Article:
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This is my Legacy deck. I've played a lot of different decks, but I keep coming back to this one because it always presents an interesting puzzle.
Much has been said about the theory behind this deck. Key points:
Combo decks in Legacy need to be resilient or have a back-up plan. The way that many decks do this is through powerful cantrips (Brainstorm, Ponder, and the like). You then add a secondary plan (e.g. Elves has a midrange beatdown line) or additional resilience through disruption and/or speed. Ad Nauseam Tendrils opts to use discard as its resilience. As other examples, Show and Tell decks use countermagic, Dredge uses speed, etc.
At the heart, you are a big-mana combo deck. You need to assemble a critical mass of spells that produce mana and find other spells such that you can cast a lethal Tendrils of Agony. This is typically pretty trivial, assuming that you know how to play through your opponent's disruption.
Your ratios for the maindeck are pretty solidified. You want:
When sideboarding, you want to modify your maindeck by siding out elements that are bad and replacing them with good elements. That's a broad statement, but generally applicable. You usually end up tweaking your ratios to each matchup. Examples:
Miracles: You want to kill them quickly, reduce your effective necessary Storm count, and draw a billion cards to make sure you always have gas. Discard is not at its best (they often try to float countermagic on top of their library or lean hard on Counterbalance; Flusterstorm beats the former line). Keep Counterbalance off the table and eek out advantages with Dark Confidant (he effectively draws you two extra cards every turn; the attack for 2 is 1 less spell you have to cast for Tendrils of Agony).
In: 4 Dark Confidant, 3 Abrupt Decay, 2 Flusterstorm
Out: 1 Swamp, 1 Cabal Ritual, 2 Preordain, 2 Cabal Therapy, 1 Duress, 1 Grim Tutor, 1 Sensei's Divining Top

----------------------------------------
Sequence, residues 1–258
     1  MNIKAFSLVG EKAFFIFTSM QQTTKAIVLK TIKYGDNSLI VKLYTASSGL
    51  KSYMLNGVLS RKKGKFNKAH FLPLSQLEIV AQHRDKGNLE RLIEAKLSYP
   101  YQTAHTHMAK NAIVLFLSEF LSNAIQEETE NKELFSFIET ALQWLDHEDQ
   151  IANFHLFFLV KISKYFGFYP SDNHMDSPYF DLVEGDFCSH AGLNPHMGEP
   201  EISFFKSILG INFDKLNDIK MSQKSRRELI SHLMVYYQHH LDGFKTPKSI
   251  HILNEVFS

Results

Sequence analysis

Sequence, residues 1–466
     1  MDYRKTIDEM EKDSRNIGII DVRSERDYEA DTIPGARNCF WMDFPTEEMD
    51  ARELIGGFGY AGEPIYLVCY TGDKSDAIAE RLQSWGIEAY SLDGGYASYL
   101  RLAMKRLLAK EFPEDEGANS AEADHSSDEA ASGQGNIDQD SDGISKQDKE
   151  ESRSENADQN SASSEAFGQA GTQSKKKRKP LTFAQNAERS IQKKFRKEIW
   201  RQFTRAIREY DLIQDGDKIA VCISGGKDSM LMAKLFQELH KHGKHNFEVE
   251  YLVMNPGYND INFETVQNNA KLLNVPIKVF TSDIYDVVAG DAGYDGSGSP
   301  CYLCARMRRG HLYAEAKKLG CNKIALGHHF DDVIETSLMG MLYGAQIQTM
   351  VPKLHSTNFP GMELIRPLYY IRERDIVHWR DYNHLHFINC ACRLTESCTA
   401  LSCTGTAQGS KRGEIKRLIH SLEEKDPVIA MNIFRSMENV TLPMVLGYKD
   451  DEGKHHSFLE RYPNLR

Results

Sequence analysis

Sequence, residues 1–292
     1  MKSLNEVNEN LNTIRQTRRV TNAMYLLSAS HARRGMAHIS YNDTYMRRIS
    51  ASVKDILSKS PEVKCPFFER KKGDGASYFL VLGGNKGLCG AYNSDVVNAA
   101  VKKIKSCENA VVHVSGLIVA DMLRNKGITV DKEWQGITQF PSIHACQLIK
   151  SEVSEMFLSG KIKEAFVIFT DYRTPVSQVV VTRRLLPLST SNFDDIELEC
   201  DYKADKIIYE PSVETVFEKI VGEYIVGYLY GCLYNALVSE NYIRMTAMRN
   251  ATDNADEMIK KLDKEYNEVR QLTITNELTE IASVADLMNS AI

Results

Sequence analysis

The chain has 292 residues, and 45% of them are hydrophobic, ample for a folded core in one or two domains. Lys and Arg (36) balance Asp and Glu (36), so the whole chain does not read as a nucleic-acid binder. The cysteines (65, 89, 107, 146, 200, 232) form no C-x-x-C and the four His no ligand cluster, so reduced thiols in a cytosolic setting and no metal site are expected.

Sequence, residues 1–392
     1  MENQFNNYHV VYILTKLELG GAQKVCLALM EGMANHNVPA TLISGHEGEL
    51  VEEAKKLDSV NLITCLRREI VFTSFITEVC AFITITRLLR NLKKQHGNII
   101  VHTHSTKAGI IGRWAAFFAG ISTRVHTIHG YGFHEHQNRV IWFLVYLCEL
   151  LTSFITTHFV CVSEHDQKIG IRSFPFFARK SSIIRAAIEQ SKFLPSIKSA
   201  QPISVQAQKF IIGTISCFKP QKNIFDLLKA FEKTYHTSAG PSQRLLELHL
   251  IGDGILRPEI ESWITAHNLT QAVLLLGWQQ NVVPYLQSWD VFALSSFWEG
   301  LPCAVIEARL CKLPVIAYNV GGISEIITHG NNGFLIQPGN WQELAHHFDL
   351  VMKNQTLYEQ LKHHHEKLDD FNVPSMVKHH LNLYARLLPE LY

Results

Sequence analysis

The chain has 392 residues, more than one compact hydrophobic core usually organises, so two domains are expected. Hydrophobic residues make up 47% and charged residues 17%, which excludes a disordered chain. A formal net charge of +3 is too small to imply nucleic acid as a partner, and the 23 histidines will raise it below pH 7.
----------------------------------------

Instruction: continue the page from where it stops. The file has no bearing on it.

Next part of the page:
Show and Tell: Keep Sneak Attack off the table. The way that they beat you is through the stack; use your Flusterstorms to fight that angle. Discard should be pointed at their combo pieces (unless you have the cards to go off, in which case you should be hitting their countermagic/cantrips).
In: 2 Chain of Vapor, 2 Flusterstorm, 1 Echoing Truth
Out: 1 Cabal Ritual, 1 Sensei's Divining Top, 1 Swamp, 2 Cabal Therapy
Death and Taxes: Thalia, Phyrexian Revoker on Lion's Eye Diamond, and Batterskull are the only cards that you really care about. The fact that two of these are X/1s is a huge boon to your strategy. Duress is an easy cut, since they don't have non-creature spells that you care about except for Batterskull.
In: 2 Dread of Night, 1 Massacre, 1 Chain of Vapor
Out: 3 Duress, 1 Sensei's Divining Top
Notice that you cut Swamp a lot. It's the worst mana-source in the deck, and you should always look to cut it against non-Wasteland decks.
Brainstorm is objectively the most powerful spell in the deck. You should always think about how you can best use it in a given matchup: hedge against spot discard, find missing combo pieces, put extra pieces back and shuffle them away with a fetchland.
Infernal Tutor has a lot of tricks that you can play with it. The most important one (that makes the deck tick) is maintaining priority while casting it and cracking Lion's Eye Diamond. Hellbent checks on resolution of the spell, thus turning this combo into an effective Demonic Tutor + Black Lotus. However, you can do other things. You can apply the above scenario to any Instant in your hand, including casting Rituals (there are lines where I've had to do this to play around Vendilion Clique). You can also fail-to-find with the "first mode" of Infernal Tutor, just to get an extra card out of your hand. Also, never forget that chaining Infernal Tutors is a path to victory; you don't have to cast Past in Flames to win.
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